Students at a California high school were allowed to wear anti-gay stickers on their I.D. badges on the grounds of free speech.
"We all have a right to freedom of speech, but students also have a right to be educated without fear. This has always been our policy, and we will continue to enforce it," administrators at Shadow Hills School in Indio, California, said in a statement according to the Associated Press via ABC News.
The stickers include a small rainbow inside a circle with a line through it. Several students were spotted wearing the symbols, and one even made it his profile picture on Google Classroom, said Desert Sun.
"After consulting with district level personnel and our legal counsel, it was determined that these students do have the protected right to freedom of speech, just as students portraying rainbows in support of the LGBT would," an email statement sent to staff by school administrators said.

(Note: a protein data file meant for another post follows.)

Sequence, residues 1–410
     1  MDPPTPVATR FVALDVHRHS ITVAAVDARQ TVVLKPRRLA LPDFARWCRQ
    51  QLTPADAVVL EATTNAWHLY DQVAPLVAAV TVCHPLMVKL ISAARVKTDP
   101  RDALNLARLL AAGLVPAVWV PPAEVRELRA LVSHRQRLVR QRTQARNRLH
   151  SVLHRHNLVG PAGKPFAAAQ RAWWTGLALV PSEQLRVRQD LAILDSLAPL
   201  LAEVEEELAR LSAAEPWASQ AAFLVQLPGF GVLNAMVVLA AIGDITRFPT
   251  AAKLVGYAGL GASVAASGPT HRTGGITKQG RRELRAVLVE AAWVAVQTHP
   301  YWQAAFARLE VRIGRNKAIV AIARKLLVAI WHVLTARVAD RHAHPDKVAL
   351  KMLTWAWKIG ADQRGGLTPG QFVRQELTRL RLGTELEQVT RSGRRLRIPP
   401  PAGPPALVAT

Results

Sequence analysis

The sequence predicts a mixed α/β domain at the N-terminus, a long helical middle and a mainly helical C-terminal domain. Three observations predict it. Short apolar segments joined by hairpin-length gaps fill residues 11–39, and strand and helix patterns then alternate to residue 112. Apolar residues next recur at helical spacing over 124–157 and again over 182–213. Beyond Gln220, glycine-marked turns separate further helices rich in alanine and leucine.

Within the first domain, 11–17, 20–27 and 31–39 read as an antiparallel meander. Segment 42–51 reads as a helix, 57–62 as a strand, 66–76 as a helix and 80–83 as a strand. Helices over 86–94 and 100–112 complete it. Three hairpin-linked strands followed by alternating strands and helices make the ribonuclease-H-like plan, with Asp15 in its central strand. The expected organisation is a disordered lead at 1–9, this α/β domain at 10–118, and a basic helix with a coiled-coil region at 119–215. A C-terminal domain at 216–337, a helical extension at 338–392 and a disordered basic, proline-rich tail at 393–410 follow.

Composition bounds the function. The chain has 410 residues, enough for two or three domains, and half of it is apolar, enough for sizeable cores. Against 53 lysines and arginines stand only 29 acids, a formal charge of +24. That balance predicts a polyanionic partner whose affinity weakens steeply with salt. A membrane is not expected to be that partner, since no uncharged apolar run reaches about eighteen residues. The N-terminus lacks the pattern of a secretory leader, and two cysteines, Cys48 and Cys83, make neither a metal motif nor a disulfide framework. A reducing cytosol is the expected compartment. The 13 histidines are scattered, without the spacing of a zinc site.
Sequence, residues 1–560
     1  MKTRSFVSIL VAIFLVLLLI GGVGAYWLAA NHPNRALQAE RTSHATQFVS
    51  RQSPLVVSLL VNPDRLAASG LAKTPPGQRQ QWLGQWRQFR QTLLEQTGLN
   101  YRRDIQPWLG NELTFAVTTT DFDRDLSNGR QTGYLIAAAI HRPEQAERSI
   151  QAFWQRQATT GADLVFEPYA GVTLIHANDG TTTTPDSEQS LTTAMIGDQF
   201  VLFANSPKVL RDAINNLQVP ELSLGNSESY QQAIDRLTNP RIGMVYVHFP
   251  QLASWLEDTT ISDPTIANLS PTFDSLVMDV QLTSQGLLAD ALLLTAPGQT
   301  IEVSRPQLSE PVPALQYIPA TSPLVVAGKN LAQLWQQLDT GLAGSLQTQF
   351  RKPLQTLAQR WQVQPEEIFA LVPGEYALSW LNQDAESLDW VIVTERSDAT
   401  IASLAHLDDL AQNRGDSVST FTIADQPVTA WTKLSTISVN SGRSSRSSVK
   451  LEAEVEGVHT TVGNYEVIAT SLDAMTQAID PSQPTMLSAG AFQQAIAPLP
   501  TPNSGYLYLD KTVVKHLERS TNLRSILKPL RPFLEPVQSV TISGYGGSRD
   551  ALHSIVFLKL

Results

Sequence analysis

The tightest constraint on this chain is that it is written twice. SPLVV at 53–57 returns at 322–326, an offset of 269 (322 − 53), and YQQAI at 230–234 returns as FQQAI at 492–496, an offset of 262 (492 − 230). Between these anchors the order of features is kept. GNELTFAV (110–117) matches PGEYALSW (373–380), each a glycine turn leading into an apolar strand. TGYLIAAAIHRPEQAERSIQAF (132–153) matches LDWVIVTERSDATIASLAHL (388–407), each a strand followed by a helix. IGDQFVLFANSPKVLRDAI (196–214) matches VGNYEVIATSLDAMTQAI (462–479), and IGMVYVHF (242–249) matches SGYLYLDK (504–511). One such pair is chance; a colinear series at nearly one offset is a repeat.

"If at any point students are interrupting class time to express their beliefs, they are to be sent to the discipline office with a referral for disruption."
Many students on campus objected to the symbol and the district's stance on the matter, saying that the LGBTQ community was being targeted.
"Yes, there is freedom of speech established by Tinker, but at least in my view, it's a hate crime because a group was targeted," Shadow Hills History teacher Amy Oberman said. "I'm Jewish, and if that had been a little swastika on my window, what's the difference?"